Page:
Hiking has generally helped with the anxiety, depression, and substance abuse, but I also wouldn’t attribute it to the sole factor of bettering my mental health. Seeking counseling and having a strong support system, in addition to being outside, has been a tremendous help as well.
I’d even offer that right now, I still feel a lot of anxiety about how many miles I am doing (or am not doing, rather), and compared myself frequently feeling like I wasn’t doing enough, wasn’t good enough, fast enough, knowledgeable enough. It’s been an active process of combating those feelings of inadequacy.
How does your experience as a first-generation AAPI affect your day-to-day life on and off trail?
I think for me, from the AAPI perspective, it’s mostly cultural difficulties of trying to live up to my family’s expectations of what I should be or should be doing. I’m a daughter of working-class immigrants, where it’s unfathomable to follow my passions since my parents spent so much of their lives working for survival. I turned 30 this week and I should be a doctor or engineer or lawyer by now, I should be married, I should be having kids, I should be all these things that I’m not. No dutiful daughter would dream of joining the Navy, much less taking time between careers to go on an aggressive walking campaign.
What piece of advice do you have for someone following along with your journey that identifies with a part of your story or background? Do you have any advice to share with fellow minority hikers breaking into a predominantly white, male sport?
Life is short – enjoy it and pursue your passions despite or in spite of it all. This isn’t to say to shirk all responsibilities and abscond into the mountains (“Goodbye, small kids! There’s a freezer full of chicken nuggets and PB&J’s, I’ll be back in 5 months!” or “Hello, crippling credit card debt to fund my walking campaign!” is not the most solid plan), but don’t be afraid to be one of the few, and don’t be afraid to be unabashedly yourself.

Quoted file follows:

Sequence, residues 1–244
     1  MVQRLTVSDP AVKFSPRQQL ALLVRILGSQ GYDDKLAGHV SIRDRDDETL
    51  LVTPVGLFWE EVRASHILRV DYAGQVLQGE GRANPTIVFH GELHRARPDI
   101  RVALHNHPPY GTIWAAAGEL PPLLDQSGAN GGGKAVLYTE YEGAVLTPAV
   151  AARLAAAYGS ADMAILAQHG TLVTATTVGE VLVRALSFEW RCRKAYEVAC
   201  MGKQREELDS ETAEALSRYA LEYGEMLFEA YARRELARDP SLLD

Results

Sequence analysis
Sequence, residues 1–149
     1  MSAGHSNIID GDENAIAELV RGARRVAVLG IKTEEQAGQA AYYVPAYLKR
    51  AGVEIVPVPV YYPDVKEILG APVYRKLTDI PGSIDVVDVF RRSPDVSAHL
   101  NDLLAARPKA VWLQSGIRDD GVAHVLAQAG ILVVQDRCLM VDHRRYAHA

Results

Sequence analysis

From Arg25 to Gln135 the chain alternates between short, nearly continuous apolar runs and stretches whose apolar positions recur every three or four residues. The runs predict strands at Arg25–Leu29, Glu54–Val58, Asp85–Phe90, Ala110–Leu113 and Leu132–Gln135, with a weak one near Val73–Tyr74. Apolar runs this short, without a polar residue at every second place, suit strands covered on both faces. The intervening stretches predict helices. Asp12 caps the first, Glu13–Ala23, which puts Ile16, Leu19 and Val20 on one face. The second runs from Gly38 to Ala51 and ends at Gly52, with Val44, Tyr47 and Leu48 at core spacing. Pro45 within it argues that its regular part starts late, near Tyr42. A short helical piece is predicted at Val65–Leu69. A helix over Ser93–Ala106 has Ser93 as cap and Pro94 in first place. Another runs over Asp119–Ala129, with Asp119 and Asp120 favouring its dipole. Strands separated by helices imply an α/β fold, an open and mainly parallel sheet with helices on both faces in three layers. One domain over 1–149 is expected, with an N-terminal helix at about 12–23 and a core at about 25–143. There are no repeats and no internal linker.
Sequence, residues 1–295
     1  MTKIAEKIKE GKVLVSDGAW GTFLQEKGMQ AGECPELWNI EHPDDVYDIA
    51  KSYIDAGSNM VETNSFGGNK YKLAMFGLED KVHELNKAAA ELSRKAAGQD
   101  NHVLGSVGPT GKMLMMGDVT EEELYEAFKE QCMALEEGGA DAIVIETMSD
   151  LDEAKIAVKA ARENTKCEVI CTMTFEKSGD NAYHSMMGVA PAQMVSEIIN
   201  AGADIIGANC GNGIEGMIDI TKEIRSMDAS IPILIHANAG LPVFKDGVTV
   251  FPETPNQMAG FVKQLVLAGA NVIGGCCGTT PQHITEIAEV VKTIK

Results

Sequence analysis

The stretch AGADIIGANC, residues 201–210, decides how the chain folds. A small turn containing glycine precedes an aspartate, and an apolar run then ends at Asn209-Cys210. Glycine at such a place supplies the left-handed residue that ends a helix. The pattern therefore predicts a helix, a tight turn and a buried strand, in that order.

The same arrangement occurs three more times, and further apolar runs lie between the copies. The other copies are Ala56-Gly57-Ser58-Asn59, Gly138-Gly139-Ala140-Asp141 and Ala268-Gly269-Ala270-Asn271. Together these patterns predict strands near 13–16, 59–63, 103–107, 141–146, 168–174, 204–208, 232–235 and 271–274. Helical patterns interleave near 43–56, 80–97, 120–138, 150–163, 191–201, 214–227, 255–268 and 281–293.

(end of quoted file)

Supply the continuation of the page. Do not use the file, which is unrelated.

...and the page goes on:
Name a book, movie, podcast, song, etc that inspires you as a hiker.
Books: The Revenant (Michael Punke), The Alchemist (Paulo Coehlo)
Songs: The Lumineers (Cleopatra Album)
What hobbies do you have outside of hiking?
I love playing Dungeons and Dragons, video games, cooking, and reading!
Follow along with Alice’s journey through her blog on The Trek or her Instagram @wucy.wu. Don’t forget to tune in to her Takeover Thursday 5/20 on our Instagram @thetrek.co and drop any questions you have for her in the comments below.
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It’s so great to see another Asian out and about in the wild! Representation really matters!
My question: How did the conversation with your parents about your “undutiful” decisions go? Did they ever really accept what you decided or was it more of a “We won’t talk about it ever again” sort of thing?
Has your relationship with your parents improved with age?
More important question: Why didn’t you adopt that kitten? IT TASTED YOUR BLOOD.
I enjoyed the interview — congrats on 30 days on trail. I appreciate your frankness and honesty. My wife and I laugh that so much of hiking is kinda miserable yet we go back and hike again and again. I think it’s normal to not love every minute of it.
Thanks for your service in the Navy. I’ve got a lot of friends who are SWO’s as well as some Sub officers and I know it’s a tough job. I hope your hike helps you relax and enjoy life in a new way.